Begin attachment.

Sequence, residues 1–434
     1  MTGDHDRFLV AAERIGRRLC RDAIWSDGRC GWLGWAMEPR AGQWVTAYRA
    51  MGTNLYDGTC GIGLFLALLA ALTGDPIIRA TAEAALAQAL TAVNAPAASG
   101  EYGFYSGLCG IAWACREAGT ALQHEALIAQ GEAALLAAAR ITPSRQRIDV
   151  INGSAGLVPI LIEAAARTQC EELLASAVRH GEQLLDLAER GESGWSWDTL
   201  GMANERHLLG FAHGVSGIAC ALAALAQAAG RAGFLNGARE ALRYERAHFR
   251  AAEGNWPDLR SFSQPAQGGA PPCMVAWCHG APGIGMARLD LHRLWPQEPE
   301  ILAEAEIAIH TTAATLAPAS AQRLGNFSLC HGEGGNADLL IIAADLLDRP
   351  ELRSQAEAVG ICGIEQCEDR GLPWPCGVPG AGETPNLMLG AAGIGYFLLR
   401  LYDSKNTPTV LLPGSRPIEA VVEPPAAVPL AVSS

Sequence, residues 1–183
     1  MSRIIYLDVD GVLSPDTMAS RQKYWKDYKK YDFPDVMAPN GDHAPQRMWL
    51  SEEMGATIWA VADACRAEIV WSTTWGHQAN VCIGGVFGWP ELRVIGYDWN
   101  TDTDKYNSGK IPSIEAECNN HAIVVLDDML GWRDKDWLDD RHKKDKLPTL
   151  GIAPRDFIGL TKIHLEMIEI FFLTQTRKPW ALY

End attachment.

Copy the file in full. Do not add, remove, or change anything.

Sequence, residues 1–434
     1  MTGDHDRFLV AAERIGRRLC RDAIWSDGRC GWLGWAMEPR AGQWVTAYRA
    51  MGTNLYDGTC GIGLFLALLA ALTGDPIIRA TAEAALAQAL TAVNAPAASG
   101  EYGFYSGLCG IAWACREAGT ALQHEALIAQ GEAALLAAAR ITPSRQRIDV
   151  INGSAGLVPI LIEAAARTQC EELLASAVRH GEQLLDLAER GESGWSWDTL
   201  GMANERHLLG FAHGVSGIAC ALAALAQAAG RAGFLNGARE ALRYERAHFR
   251  AAEGNWPDLR SFSQPAQGGA PPCMVAWCHG APGIGMARLD LHRLWPQEPE
   301  ILAEAEIAIH TTAATLAPAS AQRLGNFSLC HGEGGNADLL IIAADLLDRP
   351  ELRSQAEAVG ICGIEQCEDR GLPWPCGVPG AGETPNLMLG AAGIGYFLLR
   401  LYDSKNTPTV LLPGSRPIEA VVEPPAAVPL AVSS

Sequence, residues 1–183
     1  MSRIIYLDVD GVLSPDTMAS RQKYWKDYKK YDFPDVMAPN GDHAPQRMWL
    51  SEEMGATIWA VADACRAEIV WSTTWGHQAN VCIGGVFGWP ELRVIGYDWN
   101  TDTDKYNSGK IPSIEAECNN HAIVVLDDML GWRDKDWLDD RHKKDKLPTL
   151  GIAPRDFIGL TKIHLEMIEI FFLTQTRKPW ALY